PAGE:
Bangladeshi Infiltration into West Bengal

  • Article includes how infiltration into West Bengal started and impact of infiltration.

This article is extract from the essay ‘All you wanted to know about Bangladeshi Infiltration into India’. Part one covered why Bengali Muslims migrate to Assam. Part two covers West Bengal.

 

Here is brief history of infiltration in West Bengal.

 

The politician who started it was Congress leader and former Union Minister ABA Ghani Khan Choudhury, who was king of Malda for over three decades till his death in 2006. No one could ever defeat him in any election, and to be fair, he worked wonders for his constituency and was loved by all. CPI (M) took the cue from him and continued his strategy in other border areas.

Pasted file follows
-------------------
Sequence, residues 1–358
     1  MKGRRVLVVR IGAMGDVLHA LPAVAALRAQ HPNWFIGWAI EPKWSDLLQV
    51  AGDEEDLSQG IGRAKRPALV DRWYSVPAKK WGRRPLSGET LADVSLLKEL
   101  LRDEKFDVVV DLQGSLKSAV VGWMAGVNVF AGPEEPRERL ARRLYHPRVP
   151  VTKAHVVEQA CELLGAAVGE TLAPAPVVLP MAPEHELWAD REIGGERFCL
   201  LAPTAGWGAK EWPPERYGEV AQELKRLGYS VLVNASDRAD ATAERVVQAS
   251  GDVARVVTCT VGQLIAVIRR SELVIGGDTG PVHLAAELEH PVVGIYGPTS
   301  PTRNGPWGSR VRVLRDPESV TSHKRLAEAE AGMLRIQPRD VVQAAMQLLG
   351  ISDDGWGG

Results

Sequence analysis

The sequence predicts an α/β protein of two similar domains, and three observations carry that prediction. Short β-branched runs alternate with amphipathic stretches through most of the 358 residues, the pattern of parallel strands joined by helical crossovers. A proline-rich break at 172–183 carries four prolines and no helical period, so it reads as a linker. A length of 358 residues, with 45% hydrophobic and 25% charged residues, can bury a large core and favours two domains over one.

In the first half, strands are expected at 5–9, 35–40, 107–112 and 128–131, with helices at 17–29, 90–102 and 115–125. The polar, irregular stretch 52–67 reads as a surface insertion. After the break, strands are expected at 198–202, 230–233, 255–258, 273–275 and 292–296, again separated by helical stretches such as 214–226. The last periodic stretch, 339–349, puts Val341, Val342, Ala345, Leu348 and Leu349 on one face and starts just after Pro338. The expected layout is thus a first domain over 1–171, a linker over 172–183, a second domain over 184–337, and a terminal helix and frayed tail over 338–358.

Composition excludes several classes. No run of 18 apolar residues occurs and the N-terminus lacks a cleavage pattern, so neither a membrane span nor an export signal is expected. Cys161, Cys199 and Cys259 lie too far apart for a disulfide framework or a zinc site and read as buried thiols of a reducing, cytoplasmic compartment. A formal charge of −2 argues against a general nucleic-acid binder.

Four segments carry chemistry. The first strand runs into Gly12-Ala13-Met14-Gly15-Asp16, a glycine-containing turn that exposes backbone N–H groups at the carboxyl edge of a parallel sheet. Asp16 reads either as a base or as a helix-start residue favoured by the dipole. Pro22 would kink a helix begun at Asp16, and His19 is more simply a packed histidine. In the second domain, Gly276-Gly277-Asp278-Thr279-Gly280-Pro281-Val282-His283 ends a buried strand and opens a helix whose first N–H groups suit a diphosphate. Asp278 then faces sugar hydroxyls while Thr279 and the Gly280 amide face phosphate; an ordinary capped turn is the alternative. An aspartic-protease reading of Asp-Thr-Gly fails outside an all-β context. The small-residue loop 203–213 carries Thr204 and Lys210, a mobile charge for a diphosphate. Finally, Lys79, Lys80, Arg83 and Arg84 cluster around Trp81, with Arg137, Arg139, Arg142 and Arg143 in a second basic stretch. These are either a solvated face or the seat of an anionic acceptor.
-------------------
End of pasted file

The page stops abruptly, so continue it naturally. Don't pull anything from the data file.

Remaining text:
According to this 2011 India Today article, “"There is a virtual East Bengal in West Bengal. Immigrants, both Hindus and Muslims, have come from across the border and settled in districts which share borders with Bangladesh and have slowly penetrated into other districts," says historian Amalendu De. The national growth rate of population during 1951-61 was 21.6 per cent, but in West Bengal it was 32.8 per cent. "The higher increase in population in the border districts of West Bengal reflects the magnitude of cross-border migration from Bangladesh. Districts such as Malda, Murshidabad, Nadia, North and South 24 Parganas show a population growth rate that is higher than the overall population growth rate of the state," writes Jyoti Parimal Sarkar in her study Bangladeshi Migration to West Bengal: A Cause for Concern.” (5)